So is there anything that you see in the hiring process that's a red flag? When I'm in an interview and they're speaking negatively of their last experience. I try to get them to talk, I'll say tell me about your last experience. And what I look for is anger. If there's going to be unhappiness in someone, it's going to show to the customer. I said to Craig last night when we were at that other restaurant, "this guy's angry." You know, it's a lot of work at Delfina. We have tests and mandatory meetings once a month. You have to study the food and wine when you're off. So you can't just be wanting to make money and go home.
Tell me more about that. What do you require on an ongoing basis? When they're hired we give them a meeting schedule that's out 18 months. They're all on Mondays, monthly, and are two and a half hours long. They start with a test. And at the meeting we'll give them a packet for the next meeting. Two of the meetings are service. Three meetings a year are seasonal food. And the rest are wine. Then if they don't pass their test, they can't be on the floor until they pass. And same with new hires, they're tested and they can't wait tables until they pass.
What's your training program like? For waiters there's four days of training on site. One as a runner. They follow a server twice. And then they're followed. They also have a two hour wine meeting with our wine director during the day and a two hour meeting with the chef during the day. So they get downloaded with all the information. Then they're tested.
Do you ever hire someone who's never served before to be a server? I used to because personality is way more important than the technical aspects. I figured if I could spend the time teaching them which I could do before Lucy [her daughter with Craig] was born 9 years ago. [Laughing] Now I just don't have the time. We just hired a food runner who doesn't have any restaurant experience, and that person is a project for the managers to get her up to speed, but the right personality will work for a runner. But never waiters anymore.
You probably have a large enough pool anyway. We do. Not so much for runners because they don't make as much money. It's more of a foot in the door. We don't have bussers. We never have at any of our resaurants.
So will the service program differ at Locanda from Delfina? Yeah, bread service is different, wine service is different at all of our restaurants. Similar to Delfina but a little different.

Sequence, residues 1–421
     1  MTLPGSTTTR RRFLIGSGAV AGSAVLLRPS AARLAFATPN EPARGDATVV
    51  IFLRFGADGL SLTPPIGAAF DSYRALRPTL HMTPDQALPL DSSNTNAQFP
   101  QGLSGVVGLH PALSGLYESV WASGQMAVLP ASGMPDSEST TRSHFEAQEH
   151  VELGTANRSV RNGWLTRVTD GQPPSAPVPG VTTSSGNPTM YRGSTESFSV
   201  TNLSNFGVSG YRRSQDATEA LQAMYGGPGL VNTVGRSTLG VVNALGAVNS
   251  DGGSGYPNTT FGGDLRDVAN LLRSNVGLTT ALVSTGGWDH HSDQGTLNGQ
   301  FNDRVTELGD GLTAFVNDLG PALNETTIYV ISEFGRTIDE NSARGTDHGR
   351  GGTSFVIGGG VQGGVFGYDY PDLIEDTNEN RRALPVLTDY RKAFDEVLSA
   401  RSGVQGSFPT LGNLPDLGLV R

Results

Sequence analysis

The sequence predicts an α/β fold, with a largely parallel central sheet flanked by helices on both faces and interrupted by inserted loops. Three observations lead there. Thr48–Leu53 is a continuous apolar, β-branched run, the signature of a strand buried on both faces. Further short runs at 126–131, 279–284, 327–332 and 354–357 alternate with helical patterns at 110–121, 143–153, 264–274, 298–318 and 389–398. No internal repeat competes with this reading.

How? We have our pizza bianca. But I can't tell you any more until after we open. [Similing] We're doing some really exciting things.
And it's going to be very Roman as far as the food, correct? Yes, very. We're taking some liberties here and there. You remember we have that Universo oven. I do, not powered by hamsters. Funny I posted that on Facebook and no one understood it was a joke. They didn't get it!
What are the biggest mistakes you've made in the past? I've learned a lot and I'm still learning and unfortunately at other people's expense which I feel horrible about. I never had a GM until two years ago and so my expectations for a GM were different two years ago. We grow and we change. Like Craig and I will say these table numbers don't make sense, let's change them around. But as far as servers, I've definitely made mistakes. I've brought people in who were rude to a customer and it didn't work out.
Do you find that a lot of your staff members end up being similar in age and demographic? No but there's a common goal. Everyone's really into it. We have this thing called a no bitching policy, no complaining allowed. If someone has a problem they can come to us, so if someone's complaining it really stands out. To me, the most important thing to have is a happy staff. And if someone seems unhappy, it just makes the work harder for everybody. So there's a certain age group that always applies. What is that? Mid-twenties. I used to get tons of shit because people thought I would only hire women. When we first opened it was all women for a while. Now we have a pretty good mix. But I have always picked who's best in that pool at that time.